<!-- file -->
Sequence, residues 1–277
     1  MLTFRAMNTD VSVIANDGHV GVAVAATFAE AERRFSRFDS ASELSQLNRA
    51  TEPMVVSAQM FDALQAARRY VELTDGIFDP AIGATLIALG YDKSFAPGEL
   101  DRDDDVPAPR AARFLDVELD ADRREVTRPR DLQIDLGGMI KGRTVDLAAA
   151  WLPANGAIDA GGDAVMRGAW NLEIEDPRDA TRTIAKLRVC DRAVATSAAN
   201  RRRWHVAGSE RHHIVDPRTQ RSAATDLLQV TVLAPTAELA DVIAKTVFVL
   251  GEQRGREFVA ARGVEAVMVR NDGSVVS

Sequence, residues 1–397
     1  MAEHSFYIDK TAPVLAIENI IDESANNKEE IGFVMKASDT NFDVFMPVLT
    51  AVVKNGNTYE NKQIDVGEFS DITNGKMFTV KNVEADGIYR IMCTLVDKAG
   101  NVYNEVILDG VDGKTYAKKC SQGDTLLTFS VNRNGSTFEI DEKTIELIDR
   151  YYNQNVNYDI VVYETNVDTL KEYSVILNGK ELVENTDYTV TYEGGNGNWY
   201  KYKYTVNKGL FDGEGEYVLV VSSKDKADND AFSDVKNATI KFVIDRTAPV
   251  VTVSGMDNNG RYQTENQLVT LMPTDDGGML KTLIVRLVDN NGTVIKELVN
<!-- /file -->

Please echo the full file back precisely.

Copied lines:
Sequence, residues 1–277
     1  MLTFRAMNTD VSVIANDGHV GVAVAATFAE AERRFSRFDS ASELSQLNRA
    51  TEPMVVSAQM FDALQAARRY VELTDGIFDP AIGATLIALG YDKSFAPGEL
   101  DRDDDVPAPR AARFLDVELD ADRREVTRPR DLQIDLGGMI KGRTVDLAAA
   151  WLPANGAIDA GGDAVMRGAW NLEIEDPRDA TRTIAKLRVC DRAVATSAAN
   201  RRRWHVAGSE RHHIVDPRTQ RSAATDLLQV TVLAPTAELA DVIAKTVFVL
   251  GEQRGREFVA ARGVEAVMVR NDGSVVS

Sequence, residues 1–397
     1  MAEHSFYIDK TAPVLAIENI IDESANNKEE IGFVMKASDT NFDVFMPVLT
    51  AVVKNGNTYE NKQIDVGEFS DITNGKMFTV KNVEADGIYR IMCTLVDKAG
   101  NVYNEVILDG VDGKTYAKKC SQGDTLLTFS VNRNGSTFEI DEKTIELIDR
   151  YYNQNVNYDI VVYETNVDTL KEYSVILNGK ELVENTDYTV TYEGGNGNWY
   201  KYKYTVNKGL FDGEGEYVLV VSSKDKADND AFSDVKNATI KFVIDRTAPV
   251  VTVSGMDNNG RYQTENQLVT LMPTDDGGML KTLIVRLVDN NGTVIKELVN